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Disability Employment Policy Resources by Topic

Elizabeth Kumar — Peer Mentor

Elizabeth KumarTeaching and helping children "develop into little people" had been Elizabeth Kumar's lifelong passion, but when central nervous system lupus left her paralyzed from the waist down in her mid-20s, necessary medications affected her ability to work full-time in a classroom. For several years she tutored part-time before embarking on a new career as a peer mentor at the ENDependence Center of Northern Virginia (ECNV). In this role, she still uses her teaching talents, but in a slightly different manner—working with adults and helping them with life skills.

When Kumar became paralyzed, she was discharged from the hospital without learning many of the skills she needed to live independently. She credits her husband (then fiancée), who also uses a wheelchair, with being her role model and mentor; he encouraged her to gain those skills and reengage in work and the community.

Things Kumar regrettably had to learn the hard way, such as how to apply for disability benefits, or how to transfer into a wheelchair, is what she now teaches others. "Working as a peer mentor has been the best job I've had, because I am able to share what I know," she says. "Many of my consumers are dealing with the things I dealt with years ago."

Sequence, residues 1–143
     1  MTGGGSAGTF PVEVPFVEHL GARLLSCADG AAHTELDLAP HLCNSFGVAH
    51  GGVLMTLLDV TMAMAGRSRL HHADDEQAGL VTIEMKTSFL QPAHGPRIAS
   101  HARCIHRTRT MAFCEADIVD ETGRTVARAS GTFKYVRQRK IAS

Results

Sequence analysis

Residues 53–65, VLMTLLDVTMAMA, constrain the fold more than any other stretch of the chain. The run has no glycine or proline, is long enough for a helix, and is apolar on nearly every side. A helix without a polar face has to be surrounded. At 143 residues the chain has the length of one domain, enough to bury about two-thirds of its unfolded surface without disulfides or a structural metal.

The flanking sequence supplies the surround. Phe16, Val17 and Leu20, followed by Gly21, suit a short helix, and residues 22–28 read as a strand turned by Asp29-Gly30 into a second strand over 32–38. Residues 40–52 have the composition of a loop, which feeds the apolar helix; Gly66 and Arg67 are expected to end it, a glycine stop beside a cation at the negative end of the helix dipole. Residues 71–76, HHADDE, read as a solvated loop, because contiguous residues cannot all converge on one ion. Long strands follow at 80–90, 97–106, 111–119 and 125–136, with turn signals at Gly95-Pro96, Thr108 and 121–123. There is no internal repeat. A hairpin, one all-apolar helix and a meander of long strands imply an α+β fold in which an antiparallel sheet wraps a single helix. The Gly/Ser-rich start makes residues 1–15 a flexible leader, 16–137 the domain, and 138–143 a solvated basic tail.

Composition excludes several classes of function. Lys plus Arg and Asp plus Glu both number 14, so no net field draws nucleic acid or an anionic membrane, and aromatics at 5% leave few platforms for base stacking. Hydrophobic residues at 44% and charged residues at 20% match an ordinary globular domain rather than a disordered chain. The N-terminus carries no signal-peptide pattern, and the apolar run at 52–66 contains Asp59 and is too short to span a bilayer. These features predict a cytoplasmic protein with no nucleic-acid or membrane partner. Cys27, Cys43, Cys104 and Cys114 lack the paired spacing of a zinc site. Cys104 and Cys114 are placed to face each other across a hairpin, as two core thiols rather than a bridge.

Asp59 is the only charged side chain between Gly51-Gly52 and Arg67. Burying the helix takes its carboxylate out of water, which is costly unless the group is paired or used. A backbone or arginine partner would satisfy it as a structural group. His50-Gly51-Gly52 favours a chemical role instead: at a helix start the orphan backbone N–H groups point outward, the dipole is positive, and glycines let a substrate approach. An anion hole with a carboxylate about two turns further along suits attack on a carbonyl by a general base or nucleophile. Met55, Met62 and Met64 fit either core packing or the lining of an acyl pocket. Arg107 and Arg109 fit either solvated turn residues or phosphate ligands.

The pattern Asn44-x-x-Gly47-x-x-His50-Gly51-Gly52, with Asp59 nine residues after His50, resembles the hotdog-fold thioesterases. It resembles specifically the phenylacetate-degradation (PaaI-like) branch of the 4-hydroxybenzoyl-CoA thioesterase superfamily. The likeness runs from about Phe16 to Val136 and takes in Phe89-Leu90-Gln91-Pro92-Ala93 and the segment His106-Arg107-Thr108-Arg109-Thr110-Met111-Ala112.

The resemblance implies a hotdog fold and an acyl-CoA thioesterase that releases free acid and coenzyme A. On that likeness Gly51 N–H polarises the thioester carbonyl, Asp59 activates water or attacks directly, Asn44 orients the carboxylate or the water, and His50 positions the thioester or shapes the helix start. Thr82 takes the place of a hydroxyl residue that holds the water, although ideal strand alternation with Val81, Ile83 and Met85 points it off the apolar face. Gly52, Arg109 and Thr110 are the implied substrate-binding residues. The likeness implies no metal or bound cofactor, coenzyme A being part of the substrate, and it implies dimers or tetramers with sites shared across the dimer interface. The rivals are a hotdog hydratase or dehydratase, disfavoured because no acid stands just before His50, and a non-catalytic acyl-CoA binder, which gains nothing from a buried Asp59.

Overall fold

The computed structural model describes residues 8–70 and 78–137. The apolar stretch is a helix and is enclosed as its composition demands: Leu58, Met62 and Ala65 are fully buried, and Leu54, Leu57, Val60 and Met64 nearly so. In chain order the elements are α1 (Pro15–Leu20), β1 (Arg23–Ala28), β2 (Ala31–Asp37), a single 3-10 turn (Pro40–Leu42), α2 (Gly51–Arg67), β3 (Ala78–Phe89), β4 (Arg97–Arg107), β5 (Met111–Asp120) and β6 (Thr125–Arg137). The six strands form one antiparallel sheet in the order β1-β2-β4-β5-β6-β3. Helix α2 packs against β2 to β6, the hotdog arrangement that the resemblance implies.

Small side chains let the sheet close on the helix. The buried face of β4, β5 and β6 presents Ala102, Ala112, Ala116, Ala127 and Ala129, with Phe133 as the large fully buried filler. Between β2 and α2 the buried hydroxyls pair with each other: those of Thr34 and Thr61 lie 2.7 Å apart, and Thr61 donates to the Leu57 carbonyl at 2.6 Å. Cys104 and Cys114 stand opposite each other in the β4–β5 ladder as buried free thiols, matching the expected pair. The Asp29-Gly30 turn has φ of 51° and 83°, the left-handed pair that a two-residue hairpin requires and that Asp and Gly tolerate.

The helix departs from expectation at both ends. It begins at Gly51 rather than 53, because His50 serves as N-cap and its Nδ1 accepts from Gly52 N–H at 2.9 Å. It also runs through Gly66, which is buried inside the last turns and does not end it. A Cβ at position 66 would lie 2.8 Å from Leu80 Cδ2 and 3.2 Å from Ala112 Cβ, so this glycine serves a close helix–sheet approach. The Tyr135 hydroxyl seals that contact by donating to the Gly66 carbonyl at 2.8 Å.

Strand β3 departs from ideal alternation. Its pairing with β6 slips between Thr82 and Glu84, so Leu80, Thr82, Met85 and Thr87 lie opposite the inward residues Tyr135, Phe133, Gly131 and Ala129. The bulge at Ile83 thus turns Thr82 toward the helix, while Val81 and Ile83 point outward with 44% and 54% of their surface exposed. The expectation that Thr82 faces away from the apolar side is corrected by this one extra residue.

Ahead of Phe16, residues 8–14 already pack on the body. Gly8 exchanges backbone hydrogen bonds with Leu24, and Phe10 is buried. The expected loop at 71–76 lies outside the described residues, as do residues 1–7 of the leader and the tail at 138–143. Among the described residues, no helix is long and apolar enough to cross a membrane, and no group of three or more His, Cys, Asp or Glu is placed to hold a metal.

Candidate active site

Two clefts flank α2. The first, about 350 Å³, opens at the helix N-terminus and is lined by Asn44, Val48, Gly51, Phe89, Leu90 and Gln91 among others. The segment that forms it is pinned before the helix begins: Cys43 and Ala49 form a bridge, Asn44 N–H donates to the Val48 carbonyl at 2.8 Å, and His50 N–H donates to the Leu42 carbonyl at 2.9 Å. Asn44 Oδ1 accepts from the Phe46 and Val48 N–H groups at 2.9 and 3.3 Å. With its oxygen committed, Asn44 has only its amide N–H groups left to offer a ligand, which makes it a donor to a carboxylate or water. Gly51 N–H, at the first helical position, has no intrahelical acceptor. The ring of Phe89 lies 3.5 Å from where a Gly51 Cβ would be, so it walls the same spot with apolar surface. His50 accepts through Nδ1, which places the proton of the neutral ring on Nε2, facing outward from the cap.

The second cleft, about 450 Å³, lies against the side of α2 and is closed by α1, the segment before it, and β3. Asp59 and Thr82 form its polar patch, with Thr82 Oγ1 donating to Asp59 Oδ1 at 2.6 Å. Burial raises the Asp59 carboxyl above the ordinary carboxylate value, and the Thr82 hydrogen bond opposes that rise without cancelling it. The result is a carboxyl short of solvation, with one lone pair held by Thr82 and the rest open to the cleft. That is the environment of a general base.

Shortly after Kumar was hired by ECNV, she had surgery for a pressure ulcer. Both before and after the surgery, ECNV let her work from home as an accommodation. While recuperating, Kumar called in to meetings, which allowed her to remain part of the team, and, more importantly, helped her keep a positive mindset while hospitalized.

In fact, much of Kumar's job at ECNV can be done remotely, and she finds that she often gets more accomplished from home. "A lot of my job," explains Kumar, "is doing research on the computer and helping people apply for different jobs or benefits, helping with resumes or interview skills, and peer counseling, which I can do over the phone."

Another facet of Kumar's job is coaching consumers to become their own advocates and helping them find affordable assistive equipment. She also started "Connect4 Social Hour," a social networking group for young professionals with disabilities that meets at various venues in the northern Virginia area.

Many of Kumar's colleagues at ECNV are people with disabilities. She notes that some consumers, particularly those with recently acquired disabilities, feel that disability benefits are equivalent to a handout. She tells consumers that benefits are credits built up from years of working and nothing to be ashamed about. "When they see me working and getting benefits," notes Kumar, "they think, 'Well, maybe I could eventually go back to work.'"

Work has always given Kumar a sense of purpose and structure. "You want to feel that you're actually a part of the rest of the world," she explains. "For a while I thought maybe it was okay that I not work, but I get so bored and disconnected from everything. To feel independent is the main thing — that feeling is amazing."

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